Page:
DELHI, India – The Kerala Association of Professional Social Workers discovered in its survey that girls in India value education as more important to them than marriage. Out of the 2,570 girls surveyed in the Palakkad school district, almost 84 percent chose education over marriage as most important. The results suggest that Indian girls want more out of their lives than to be only wives and mothers.
A majority 98.89 percent of the girls surveyed did not support lowering the marriageable age down to 16 years old. The appropriate marriage age selected by 92 percent of the girls was between ages 20 and 25.
Women in India are expected to bear children and feed the family. The fulfillment of those two duties is what earns them respect in Indian society. Valuing women based on only the ability to raise a family limits girls in India. Director Pauline Rose of UNESCO’s Education for All Global Monitoring Report found it criminal that over a million girls in India are not in school.
Rose expressed the importance of the Indian government investing in education for girls as a moral obligation and solution to high child and maternal mortality rates. Investment in education for girls will secure a more prosperous future.
Girls in India are born into disadvantage simply because of their gender. They are discriminated against nationwide and further marginalized when they are members of lower social and economic classes. Their identity such as caste, religion and ethnicity can count against them along with disability and poverty.
The Indian education system is riddled with inequality between girls and boys. Boys have a higher enrollment in private schools. Public schools funded by the government cater mainly to girls and boys from the most impoverished families by providing a free education.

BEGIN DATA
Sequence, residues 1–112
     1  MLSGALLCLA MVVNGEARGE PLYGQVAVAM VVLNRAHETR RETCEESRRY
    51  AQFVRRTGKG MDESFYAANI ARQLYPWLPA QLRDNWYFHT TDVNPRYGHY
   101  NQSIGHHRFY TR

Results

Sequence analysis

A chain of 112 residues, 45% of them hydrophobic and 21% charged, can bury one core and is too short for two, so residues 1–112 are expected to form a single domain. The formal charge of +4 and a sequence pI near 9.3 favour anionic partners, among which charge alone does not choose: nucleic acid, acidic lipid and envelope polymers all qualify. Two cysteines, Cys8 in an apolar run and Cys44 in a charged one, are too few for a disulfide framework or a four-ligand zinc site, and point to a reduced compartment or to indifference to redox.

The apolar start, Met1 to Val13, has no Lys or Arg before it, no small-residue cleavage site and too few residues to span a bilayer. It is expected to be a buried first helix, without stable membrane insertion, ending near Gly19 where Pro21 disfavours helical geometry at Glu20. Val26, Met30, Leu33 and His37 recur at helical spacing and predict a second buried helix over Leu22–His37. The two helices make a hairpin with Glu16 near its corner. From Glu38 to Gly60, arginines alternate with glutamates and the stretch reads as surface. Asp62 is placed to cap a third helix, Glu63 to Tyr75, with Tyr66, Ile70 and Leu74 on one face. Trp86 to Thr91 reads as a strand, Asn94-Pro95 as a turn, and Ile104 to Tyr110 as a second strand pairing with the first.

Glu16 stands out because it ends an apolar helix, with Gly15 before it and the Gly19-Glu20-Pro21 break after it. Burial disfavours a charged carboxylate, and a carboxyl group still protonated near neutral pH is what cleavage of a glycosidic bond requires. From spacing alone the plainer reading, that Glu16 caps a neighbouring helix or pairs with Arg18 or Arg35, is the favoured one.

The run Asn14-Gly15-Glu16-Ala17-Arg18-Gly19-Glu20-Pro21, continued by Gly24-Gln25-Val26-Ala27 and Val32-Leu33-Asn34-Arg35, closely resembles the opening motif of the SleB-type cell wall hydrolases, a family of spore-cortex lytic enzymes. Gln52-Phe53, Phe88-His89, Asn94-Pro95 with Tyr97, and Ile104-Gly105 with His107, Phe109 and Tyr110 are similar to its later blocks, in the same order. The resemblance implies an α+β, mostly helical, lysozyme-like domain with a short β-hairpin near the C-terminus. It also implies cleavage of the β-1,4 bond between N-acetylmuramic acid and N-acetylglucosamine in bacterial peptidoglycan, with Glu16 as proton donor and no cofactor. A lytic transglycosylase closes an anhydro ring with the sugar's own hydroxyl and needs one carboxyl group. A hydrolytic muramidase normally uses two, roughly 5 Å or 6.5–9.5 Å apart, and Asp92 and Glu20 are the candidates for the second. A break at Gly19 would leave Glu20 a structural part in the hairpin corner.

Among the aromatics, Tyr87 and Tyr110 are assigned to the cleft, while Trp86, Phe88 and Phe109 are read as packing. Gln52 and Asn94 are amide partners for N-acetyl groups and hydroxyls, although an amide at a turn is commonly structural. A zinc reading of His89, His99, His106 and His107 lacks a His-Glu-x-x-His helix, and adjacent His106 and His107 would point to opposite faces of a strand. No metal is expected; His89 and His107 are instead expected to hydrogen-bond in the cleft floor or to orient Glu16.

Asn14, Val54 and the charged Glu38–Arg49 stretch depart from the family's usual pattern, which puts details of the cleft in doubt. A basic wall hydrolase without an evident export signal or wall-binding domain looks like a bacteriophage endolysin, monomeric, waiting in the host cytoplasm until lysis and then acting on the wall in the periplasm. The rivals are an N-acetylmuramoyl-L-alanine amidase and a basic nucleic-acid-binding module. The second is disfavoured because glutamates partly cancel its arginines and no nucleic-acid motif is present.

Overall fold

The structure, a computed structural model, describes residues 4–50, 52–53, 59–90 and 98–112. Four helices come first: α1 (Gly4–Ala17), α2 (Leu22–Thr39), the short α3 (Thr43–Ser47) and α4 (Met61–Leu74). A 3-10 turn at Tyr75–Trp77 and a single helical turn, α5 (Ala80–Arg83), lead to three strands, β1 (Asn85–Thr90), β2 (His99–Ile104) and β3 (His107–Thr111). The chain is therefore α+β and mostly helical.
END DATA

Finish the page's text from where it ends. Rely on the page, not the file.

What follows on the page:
Adolescence is referred to by UNICEF as an age of opportunity; however, Indian girls experience a different reality during that phase of life. Vacha, a women’s group from Mumbai, said adolescent Indian girls are domestically confined and excluded from education. Indian girls spend their adolescent years preparing for the traditional gender roles of wife and mother.
Government policies in India do not represent adolescent girls because they are considered to be on the path to motherhood. Adolescent girls are not included in the population of children as their needs are different from that of boys and they are too young to be in the population of women.
The growing crime against girls in India leaves girls practically immobile because it is not safe for them to be out on their own. Girls lose the opportunity to learn and leave their house because it is too dangerous to go outside. Delhi and Mumbai have experienced a sharp increase in rape and sexual harassment reports.
The fear of victimization reduces the freedom of girls in India. Girls who live in the slum communities are especially vulnerable to losing their freedom because of the lack of resources. They are by themselves at home after school because both of their parents must work and accommodations are unavailable. Girls in slums are married off early as a way to protect them from victimization.
Empowering girls in India is of the utmost importance because they are the product of a very patriarchal society. They will continue to be disadvantaged and marginalized if they are not enabled to receive a full education and put off marriage and pregnancy.
A report by Dasra, a top strategic philanthropic foundation, found that India could possibly add $110 billion to its GDP from the economic participation of women. Empowering girls in India is beneficial.
– Brittany Mannings
Sources: The Times of India, The Guardian, The Times of India, BBC News